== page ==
In a few minutes, I’m expecting some important guests for lunch, some discussion, and of course a demonstration. These are industry guys that have probably heard it all but no one comes to the AIX studio without hearing a few tracks in full 5.1 “stage” perspective surround. I was just in the studio making sure things were good to go…it’s always embarrassing when a patch isn’t patched right or the system is not properly configured. However, today my Ferrari is firing on all cylinders.
I lowered the 146″ Stewart filmscreen, let the JVC 4K projector warm up, and patched the analog outputs from my Oppo BDP-95 to the analog patch bay in the corner of the studio. After double-checking the digital patch bay (yes, there is a virtual patch bay associated with the Euphonix System 5 console), I selected the External source on my Control Room Monitor system and hit play on the Oppo. Right on cue, the room was filled with Hanna – McEuen singing and playing “Prayer for You” from the latest sampler.
As I said yesterday, playing an optical disc with surround music track is very easy. It’s especially easy if the output from the disc player to your A/V Receiver is connected using analog cables. Each of the 6 channels of information coming from the ESS Sabre DACs on the BDP-95 become the “external” sources for your preamplifier, amps and speakers. Using HDMI is a little tougher because you have to configure the digital inputs to the right digital source and make sure you’re detecting the right type of digital stream (bitstream etc).
But I’ve decided to play a few very special 5.1 surround tracks that exist only as interleaved .WAV files (FLAC is fine too) during my demonstration this morning (some of my long time customers and friends will know which tunes I will be playing here). I walked back up to my office and pulled the PC-formatted 16 GIG USB stick that I use to “sneakernet” files from place to place. The files are on the stick.
Rather than boot up my computer and locate the original surround files, I decided the easiest thing to do would be to plug the USB stick into the front of my OPPO BDP-95, access the right folder and files and hit play. This method is the simplest way that I can think of to play 5.1 surround music downloads in full 96 kHz/24-bit fidelity. A recent iTrax customer was downloading DTS files, which also played flawlessly through the OPPO but when I told him that those were compressed with a lossy algorithm, he upgraded to the FLAC versions.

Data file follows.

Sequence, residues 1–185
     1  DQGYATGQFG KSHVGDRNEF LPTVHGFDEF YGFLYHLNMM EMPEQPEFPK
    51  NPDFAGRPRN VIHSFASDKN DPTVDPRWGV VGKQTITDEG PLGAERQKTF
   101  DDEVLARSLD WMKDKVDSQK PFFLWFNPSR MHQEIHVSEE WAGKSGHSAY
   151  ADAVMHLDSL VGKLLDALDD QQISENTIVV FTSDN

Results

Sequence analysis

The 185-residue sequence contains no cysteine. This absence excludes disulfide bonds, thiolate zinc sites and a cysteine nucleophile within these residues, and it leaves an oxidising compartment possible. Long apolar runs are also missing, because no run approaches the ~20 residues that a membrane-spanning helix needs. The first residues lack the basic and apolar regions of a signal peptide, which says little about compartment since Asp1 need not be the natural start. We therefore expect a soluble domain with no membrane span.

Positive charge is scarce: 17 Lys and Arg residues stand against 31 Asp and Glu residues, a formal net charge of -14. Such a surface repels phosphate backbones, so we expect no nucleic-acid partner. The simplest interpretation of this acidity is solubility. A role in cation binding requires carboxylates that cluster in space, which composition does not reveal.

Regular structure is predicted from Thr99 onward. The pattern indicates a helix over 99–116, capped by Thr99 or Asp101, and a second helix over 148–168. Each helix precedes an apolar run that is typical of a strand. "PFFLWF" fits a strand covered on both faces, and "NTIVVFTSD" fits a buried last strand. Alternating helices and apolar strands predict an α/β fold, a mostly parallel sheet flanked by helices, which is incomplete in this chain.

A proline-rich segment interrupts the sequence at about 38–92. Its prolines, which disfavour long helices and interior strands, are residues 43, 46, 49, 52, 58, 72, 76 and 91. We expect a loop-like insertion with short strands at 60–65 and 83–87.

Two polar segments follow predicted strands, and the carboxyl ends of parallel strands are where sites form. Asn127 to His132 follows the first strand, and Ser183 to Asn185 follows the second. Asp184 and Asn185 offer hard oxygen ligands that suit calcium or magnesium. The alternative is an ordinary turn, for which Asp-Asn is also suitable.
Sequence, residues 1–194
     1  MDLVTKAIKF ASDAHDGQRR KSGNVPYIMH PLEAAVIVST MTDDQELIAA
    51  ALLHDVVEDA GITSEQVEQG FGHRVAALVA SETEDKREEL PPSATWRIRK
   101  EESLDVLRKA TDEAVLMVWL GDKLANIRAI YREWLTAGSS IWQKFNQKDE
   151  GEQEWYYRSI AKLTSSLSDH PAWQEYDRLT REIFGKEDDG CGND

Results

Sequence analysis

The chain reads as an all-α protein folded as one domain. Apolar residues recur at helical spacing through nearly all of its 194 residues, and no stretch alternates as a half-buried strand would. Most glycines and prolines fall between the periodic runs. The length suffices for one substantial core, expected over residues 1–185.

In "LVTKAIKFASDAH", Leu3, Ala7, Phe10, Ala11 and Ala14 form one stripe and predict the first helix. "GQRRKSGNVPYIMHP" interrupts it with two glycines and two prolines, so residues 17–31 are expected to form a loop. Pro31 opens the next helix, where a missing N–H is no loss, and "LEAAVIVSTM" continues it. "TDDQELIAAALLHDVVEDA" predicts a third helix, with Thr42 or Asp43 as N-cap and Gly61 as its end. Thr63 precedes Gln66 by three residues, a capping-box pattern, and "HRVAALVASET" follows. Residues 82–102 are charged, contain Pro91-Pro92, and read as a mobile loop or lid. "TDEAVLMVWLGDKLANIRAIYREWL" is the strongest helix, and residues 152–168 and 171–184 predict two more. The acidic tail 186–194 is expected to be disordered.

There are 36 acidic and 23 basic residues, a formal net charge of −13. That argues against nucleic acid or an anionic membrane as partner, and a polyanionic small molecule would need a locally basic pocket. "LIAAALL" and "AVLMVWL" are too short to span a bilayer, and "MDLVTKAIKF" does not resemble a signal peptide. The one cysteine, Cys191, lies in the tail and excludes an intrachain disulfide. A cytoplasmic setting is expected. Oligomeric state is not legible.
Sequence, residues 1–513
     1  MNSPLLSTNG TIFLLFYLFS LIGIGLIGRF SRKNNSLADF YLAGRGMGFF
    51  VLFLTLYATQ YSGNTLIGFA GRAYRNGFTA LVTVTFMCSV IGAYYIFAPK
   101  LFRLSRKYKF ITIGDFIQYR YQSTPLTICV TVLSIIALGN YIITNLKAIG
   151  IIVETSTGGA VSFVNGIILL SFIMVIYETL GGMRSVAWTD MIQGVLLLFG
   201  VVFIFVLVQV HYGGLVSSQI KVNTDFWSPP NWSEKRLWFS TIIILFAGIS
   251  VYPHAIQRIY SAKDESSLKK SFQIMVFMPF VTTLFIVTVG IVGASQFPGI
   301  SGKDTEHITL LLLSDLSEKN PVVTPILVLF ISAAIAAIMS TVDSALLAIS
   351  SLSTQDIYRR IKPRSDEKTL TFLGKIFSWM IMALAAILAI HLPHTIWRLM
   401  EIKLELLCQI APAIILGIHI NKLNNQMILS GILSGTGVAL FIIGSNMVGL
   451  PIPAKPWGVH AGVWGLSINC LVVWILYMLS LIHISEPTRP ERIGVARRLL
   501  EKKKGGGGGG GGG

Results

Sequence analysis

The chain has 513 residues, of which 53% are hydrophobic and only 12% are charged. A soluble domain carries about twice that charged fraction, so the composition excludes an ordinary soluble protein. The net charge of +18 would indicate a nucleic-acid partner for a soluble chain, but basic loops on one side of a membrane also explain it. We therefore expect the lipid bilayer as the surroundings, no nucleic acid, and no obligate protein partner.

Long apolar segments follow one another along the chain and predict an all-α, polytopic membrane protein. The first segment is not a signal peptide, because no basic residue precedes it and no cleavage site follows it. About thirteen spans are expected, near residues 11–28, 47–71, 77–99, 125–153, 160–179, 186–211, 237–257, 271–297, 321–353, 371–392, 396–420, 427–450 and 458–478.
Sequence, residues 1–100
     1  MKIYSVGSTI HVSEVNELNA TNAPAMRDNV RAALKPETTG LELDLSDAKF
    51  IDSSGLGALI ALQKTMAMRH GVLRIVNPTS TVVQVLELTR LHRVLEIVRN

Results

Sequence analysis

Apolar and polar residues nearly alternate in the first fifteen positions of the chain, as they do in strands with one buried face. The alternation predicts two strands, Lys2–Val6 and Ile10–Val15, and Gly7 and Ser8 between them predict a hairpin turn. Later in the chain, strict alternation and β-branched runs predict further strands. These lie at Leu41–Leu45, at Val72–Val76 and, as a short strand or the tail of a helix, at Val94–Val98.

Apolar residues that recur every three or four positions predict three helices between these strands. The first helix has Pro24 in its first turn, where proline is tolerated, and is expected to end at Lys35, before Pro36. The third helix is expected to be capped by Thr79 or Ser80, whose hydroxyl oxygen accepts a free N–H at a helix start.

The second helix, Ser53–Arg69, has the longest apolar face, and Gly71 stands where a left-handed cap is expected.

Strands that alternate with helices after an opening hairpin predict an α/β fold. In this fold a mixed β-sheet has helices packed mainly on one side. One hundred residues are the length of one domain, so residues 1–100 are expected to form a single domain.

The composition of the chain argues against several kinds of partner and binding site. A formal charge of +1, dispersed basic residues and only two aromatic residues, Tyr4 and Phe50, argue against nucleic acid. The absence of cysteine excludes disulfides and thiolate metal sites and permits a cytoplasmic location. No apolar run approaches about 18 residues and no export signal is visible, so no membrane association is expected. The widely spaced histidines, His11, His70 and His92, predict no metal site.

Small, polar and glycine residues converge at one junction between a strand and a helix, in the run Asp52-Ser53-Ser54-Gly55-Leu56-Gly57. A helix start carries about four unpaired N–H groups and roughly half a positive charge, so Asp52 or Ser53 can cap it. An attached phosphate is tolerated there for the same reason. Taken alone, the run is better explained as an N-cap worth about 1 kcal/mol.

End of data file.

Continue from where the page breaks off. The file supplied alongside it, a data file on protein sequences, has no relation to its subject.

Years ago, I actually built a HTPC to handle my high-resolution surround music files. I called it the “Mozart 1756” and dragged it to the Rocky Mountain Audio Fest a few years ago. It had a Lynx sound card in it that could output both analog and digital signals in full surround. The problem was that the on board DACs were poor. So I got my hands on three Benchmark DACs and distributed the digital signals to them as three stereo pairs (this is not an unusual technique…it’s done all the time in professional audio). The only problem that I was worried about was the clocking of all three units. After a discussion with Lynx and Benchmark, I was assured that the clock would be sample accurate across all three DACs. It was and the result was terrific. At that time the world wasn’t ready for surround sound and the “Mozart” server never happened.
But building a HTPC and using a Lynx or Creative Labs multichannel sound card is still an option for fans of 5.1 music. As for me, I’m sticking with the USB (or eSata) Hard Drive attached to the back of my OPPO unit.
This should get you started with 5.1 surround listening using downloaded files. Just to make sure you’re doing things right, I’ve added a 5.1 surround FLAC file of Mosaic to the FTP site. Go ahead and download it and chek thing out for yourselves.